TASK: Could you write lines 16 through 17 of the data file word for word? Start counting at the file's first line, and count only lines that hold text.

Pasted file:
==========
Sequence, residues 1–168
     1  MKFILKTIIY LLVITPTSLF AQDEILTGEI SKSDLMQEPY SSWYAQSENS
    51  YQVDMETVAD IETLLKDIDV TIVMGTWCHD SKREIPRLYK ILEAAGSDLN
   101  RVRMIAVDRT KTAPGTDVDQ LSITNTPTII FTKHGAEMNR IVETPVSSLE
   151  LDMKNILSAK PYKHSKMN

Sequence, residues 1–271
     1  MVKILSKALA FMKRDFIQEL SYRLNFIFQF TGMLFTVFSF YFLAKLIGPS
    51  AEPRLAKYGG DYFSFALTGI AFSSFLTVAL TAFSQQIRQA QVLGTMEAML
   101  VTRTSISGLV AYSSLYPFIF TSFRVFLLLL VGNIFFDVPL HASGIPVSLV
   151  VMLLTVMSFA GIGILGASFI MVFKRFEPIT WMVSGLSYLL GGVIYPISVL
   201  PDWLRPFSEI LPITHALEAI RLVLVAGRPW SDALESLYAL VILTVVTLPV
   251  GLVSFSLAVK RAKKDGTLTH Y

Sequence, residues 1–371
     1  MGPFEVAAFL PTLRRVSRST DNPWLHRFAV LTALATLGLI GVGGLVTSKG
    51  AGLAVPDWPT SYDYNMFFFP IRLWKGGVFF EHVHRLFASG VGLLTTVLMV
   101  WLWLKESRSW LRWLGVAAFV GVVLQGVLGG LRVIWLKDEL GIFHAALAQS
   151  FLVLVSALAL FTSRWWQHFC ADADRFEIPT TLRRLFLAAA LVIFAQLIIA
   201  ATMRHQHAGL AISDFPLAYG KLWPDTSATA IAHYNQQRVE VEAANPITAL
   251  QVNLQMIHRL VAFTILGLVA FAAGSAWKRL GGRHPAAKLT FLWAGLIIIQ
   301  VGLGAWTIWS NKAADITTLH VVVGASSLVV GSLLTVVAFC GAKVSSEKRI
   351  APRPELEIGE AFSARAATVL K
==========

   101  WLWLKESRSW LRWLGVAAFV GVVLQGVLGG LRVIWLKDEL GIFHAALAQS
   151  FLVLVSALAL FTSRWWQHFC ADADRFEIPT TLRRLFLAAA LVIFAQLIIA